Management and Response Plans

In January 2010, in recognition of the seriousness of the invasion of lionfish and its impact on coral reefs and local communities, the 24th General Conference of the International Coral Reef Initiative (ICRI) decided to create an Ad-hoc committee to develop a strategic plan to control lionfish in the Wider Caribbean.
En enero de 2010, en reconocimiento de la gravedad de la invasión del pez león y de su repercusión sobre los arrecifes coralinos y las comunidades locales, la 24ª Conferencia General de la Iniciativa Internacional sobre Arrecifes Coralinos (ICRI) acordó la creación de un Comité Ad hoc encargado de elaborar un plan estratégico para el control del pez león en el Gran Caribe.

Contributing Authors: Bernard Castillo II, PhD, University of the Virgin Islands; Jeanne Brown, The Nature Conservancy; Jenn Travis, St. Croix East End Marine Park; John Rubattino, CORE Foundation; Kitty Edwards, CORE Foundation; Nadija Packauslkas, CORE Foundation; Norm Gustafson, CORE Foundation Deep Diver Team; Zandy Hillis-Starr, National Park Service

Since the start of the nineties the lionfish (Pterois volitans;) has been spreading at a rapid pace over the Caribbean Sea. The lionfish is originally from the Pacific Ocean and the Red Sea. It has no natural enemies in the Caribbean and reproduces explosively. 

This document, the St. Eustatius National Marine Park Lionfish Response Plan, serves as a reference for the controlling and management of the invasive Indo-Pacific lionfish (Pterois miles and P. volitans complex). Lionfish are expected in St. Eustatius waters in the near future and can have serious detrimental affects to the island’s marine environment, particularly to the populations of both ecologically and economically important fish species.

Objectives of outreach and education initiatives are to:

The purpose of this plan is to guide the NPS and its partners in adequately addressing the invasion of the lionfish in the marine waters of National Park System units in the Caribbean, the Gulf of Mexico and the east coast of the United States. The plan describes Service-wide approaches for lionfish management and then guides park managers and staff in developing site-based plans specific to individual park units and conditions.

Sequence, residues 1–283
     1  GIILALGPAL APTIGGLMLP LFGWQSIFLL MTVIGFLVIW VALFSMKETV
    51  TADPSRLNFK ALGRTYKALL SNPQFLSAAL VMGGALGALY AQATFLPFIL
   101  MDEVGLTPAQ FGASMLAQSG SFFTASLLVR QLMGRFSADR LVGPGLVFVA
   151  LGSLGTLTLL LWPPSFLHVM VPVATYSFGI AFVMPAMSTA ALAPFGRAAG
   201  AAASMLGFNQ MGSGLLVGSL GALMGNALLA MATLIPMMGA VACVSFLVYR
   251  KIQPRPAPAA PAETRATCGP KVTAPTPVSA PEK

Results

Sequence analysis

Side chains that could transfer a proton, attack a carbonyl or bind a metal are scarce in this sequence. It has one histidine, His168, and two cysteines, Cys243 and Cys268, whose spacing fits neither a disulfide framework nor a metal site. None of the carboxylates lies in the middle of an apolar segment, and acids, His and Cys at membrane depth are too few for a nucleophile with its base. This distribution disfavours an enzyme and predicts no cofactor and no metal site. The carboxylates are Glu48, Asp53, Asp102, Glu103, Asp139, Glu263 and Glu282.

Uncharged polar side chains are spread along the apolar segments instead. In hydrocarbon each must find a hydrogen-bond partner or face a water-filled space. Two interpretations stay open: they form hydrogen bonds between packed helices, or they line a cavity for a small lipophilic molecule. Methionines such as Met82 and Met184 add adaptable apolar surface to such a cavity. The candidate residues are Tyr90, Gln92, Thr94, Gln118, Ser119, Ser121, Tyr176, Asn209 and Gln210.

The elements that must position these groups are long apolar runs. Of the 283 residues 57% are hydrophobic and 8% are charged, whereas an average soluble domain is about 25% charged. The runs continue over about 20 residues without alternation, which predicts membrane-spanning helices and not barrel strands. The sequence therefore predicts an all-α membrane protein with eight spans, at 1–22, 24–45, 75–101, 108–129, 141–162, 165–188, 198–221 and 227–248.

Venomous Indo-Pacific lionfish (Pterois miles and P. volitans) are now established along the Southeast U.S.A. and parts of the Caribbean and pose a serious threat to reef fish communities of these regions. Lionfish are likely to invade the Gulf of Mexico and potentially South America in the near future. Introductions of lionfish were noted since the 1980s along south Florida and by 2000 lionfish were established off the coast of North Carolina.

Venomous Indo-Pacific lionfish (Pterois miles and P. volitans) are now established along the Southeast U.S.A. and parts of the Caribbean and pose a serious threat to reef fish communities of these regions. Lionfish are likely to invade the Gulf of Mexico and potentially South America in the near future. Introductions of lionfish were noted since the 1980s along south Florida and by 2000 lionfish were established off the coast of North Carolina.

Lionfishes are venomous species of scorpionfishes which are native to Indo-Pacific coral reef ecosystems and adjacent habitats. Because of their colorful and dramatic appearance, they are prized by aquarists around the world.
The Government of Anguilla, through the Department of Fisheries and Marine Resources, has developed a long-term Lionfish Response Plan to deal with the social, economic, and ecological impacts of the invasion of the lionfish into Anguilla’s waters.